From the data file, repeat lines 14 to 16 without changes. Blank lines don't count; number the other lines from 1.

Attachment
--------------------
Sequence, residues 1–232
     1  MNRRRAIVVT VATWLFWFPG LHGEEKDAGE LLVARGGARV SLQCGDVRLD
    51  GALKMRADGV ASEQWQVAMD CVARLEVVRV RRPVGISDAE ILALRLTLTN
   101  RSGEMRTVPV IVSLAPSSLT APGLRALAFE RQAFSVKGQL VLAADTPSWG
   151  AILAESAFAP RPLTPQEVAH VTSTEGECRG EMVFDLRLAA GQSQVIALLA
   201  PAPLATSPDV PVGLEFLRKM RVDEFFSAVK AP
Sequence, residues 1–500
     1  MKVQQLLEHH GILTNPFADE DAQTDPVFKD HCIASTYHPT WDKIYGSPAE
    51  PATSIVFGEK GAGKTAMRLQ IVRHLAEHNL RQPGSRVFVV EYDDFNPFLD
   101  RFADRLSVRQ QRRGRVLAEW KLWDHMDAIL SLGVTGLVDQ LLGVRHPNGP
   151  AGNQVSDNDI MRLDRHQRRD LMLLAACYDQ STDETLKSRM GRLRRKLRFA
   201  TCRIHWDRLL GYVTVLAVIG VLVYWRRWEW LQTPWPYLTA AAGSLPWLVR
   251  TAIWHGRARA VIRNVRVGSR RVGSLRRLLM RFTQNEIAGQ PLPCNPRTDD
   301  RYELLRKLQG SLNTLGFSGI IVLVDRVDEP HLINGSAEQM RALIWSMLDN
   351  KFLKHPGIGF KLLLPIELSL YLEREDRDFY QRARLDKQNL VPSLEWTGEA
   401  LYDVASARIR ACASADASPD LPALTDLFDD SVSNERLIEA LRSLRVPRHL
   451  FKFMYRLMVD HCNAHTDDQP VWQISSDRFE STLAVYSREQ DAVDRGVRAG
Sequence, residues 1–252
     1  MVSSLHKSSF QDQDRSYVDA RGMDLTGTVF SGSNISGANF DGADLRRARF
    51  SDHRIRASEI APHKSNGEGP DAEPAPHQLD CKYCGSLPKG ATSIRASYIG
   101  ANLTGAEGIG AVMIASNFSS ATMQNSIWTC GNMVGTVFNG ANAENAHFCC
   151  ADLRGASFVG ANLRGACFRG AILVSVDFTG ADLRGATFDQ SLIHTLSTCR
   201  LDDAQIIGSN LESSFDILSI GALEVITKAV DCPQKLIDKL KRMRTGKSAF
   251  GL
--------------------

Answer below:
   301  RYELLRKLQG SLNTLGFSGI IVLVDRVDEP HLINGSAEQM RALIWSMLDN
   351  KFLKHPGIGF KLLLPIELSL YLEREDRDFY QRARLDKQNL VPSLEWTGEA
   401  LYDVASARIR ACASADASPD LPALTDLFDD SVSNERLIEA LRSLRVPRHL